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Teaching time: A cultural approach to an old topic

Phil Stokes, Department of Geosciences, University of Arizona

On the subject of mortality, poet Robert Hunter penned:

But it's just a box of rain1
or a ribbon for your hair
Such a long, long time to be gone
and a short time to be there.

In a sense, Hunter was describing the human lifespan relative to the age of the Earth. The verse captures the essence of a scientific concept in non-scientific terms. Frustratingly, those who aren't scientists- or poets- struggle to assimilate scientific knowledge regarding geological time. I speculate that the media is most culpable for confusing the public by offering inaccurate portrayals of science facts. Additionally, I believe that teaching time through traditional methods is not effective at reaching diverse audiences in the classroom.

Teaching the concept of geological time is one of the most difficult educational tasks that I've encountered. Some common misconceptions include humans and dinosaurs living together and uncertainty of the age of the Earth. I believe that most of these misconceptions are unintended. Certainly, religious beliefs play a role, but there are other factors which do a more thorough job of confusing the non-science community. For instance, in the popular TV series Terra Nova, humans are sent back in time to live with dinosaurs. Though the show announces that it is set in the Cretaceous, there is no context for the viewer to understand the tremendous span of time between the past and the present. Other inaccurate depictions of science in the media reinforce these misconceptions. The challenge, as I recognize it, is to help learners to separate science fiction from science fact.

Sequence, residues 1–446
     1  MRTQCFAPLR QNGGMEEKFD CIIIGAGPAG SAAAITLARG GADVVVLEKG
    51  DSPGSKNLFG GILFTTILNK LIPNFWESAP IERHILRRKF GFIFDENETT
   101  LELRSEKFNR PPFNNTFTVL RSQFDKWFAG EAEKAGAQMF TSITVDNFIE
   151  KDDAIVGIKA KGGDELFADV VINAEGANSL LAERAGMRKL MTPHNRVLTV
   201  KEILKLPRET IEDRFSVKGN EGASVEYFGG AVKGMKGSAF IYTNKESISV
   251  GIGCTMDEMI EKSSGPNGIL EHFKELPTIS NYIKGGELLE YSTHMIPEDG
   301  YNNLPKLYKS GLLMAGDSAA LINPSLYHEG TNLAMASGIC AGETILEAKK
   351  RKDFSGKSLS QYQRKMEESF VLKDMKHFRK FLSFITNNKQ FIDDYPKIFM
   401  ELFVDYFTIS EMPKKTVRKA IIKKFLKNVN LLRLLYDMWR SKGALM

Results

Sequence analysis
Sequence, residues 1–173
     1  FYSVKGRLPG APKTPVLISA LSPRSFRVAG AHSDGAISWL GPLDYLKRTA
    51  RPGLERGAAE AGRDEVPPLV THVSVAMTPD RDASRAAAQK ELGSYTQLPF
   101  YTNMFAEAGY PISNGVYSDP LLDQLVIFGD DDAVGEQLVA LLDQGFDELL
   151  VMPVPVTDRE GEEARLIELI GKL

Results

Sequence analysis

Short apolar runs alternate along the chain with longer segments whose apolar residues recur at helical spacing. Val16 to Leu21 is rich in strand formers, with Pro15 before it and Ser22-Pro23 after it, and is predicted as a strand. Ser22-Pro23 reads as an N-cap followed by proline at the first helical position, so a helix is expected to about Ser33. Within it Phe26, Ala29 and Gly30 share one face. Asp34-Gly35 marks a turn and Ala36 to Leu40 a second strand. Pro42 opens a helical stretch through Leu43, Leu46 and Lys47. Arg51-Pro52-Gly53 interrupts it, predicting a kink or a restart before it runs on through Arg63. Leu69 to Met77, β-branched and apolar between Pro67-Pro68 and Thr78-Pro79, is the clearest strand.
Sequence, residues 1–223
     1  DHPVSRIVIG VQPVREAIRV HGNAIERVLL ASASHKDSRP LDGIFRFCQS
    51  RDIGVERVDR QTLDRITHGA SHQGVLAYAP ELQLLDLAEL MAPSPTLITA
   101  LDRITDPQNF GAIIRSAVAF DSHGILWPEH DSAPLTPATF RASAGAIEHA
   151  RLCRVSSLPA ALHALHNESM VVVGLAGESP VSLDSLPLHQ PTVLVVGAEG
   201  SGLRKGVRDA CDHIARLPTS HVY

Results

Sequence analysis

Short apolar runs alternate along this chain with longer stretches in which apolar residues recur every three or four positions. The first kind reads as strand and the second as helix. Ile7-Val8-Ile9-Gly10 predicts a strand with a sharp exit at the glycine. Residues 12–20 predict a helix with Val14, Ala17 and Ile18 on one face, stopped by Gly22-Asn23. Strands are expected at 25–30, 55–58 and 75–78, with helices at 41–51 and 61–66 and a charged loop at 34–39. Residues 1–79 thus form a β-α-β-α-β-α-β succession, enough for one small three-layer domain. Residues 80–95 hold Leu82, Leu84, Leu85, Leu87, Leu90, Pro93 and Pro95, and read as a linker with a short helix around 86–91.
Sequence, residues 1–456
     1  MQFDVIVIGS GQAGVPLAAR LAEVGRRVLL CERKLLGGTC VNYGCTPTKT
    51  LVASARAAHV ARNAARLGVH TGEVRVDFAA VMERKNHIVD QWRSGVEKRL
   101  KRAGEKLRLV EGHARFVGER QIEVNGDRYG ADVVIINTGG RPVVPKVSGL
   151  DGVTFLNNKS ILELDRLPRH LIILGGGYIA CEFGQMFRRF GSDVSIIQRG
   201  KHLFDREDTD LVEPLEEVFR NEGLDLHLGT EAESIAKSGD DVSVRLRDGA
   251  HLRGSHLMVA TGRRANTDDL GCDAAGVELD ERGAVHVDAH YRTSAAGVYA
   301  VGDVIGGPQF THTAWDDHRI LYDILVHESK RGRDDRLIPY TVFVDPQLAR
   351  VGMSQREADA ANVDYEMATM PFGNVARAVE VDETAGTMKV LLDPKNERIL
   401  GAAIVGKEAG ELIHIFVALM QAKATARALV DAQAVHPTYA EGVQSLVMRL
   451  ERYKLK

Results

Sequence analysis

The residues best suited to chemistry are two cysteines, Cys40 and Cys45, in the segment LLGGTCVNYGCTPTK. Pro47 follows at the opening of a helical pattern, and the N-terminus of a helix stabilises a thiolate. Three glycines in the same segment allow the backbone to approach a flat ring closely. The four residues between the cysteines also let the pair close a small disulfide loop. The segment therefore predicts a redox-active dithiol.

One additional piece to solving the time jigsaw is cultural in nature. Traditionally, earth science courses, both in high school and in college, were not designed to appeal to traditionally underrepresented students. Semken (2005) and colleagues provide an ideal model for teaching earth science to undergraduates. Unfortunately, too few schools and universities have implemented similar types of place-based education in earth science. My teaching strives to invoke a sense of place in audiences. The lessons and activities center on themes which have relevance to most members of the audience. The questions that I try to answer, even before addressing specific content, include:

  1. Is this topic relevant to my audience?

    • Specifically, "Where did the audience grow up? How long has the audience lived in the current area? Has the audience already formed a connection with the topic?"

  2. Is this topic important to my audience?

    • Specifically, I ask "How can I get the audience to think about this topic with respect to their daily lives? Families? Careers? Other identities?"

Designing teaching materials to address these questions is different from traditional approaches but I believe that the payoff is worth the effort. Students will be more engaged with the material and will find new value to what they have learned. And, hopefully, they will be able to point out scientific discrepancies in the next blockbuster.

Reference:

Semken, S., 2005. Sense of place and place-based introductory geoscience teaching for American Indian and Alaska Native undergraduates. Journal of Geoscience Education, 53 (2), p. 149-157.

Footnote:

(1) From the song, Box of Rain. The term 'box of rain', for which Hunter takes some artistic liberty, is a metaphor for the enclosed nature of our world.


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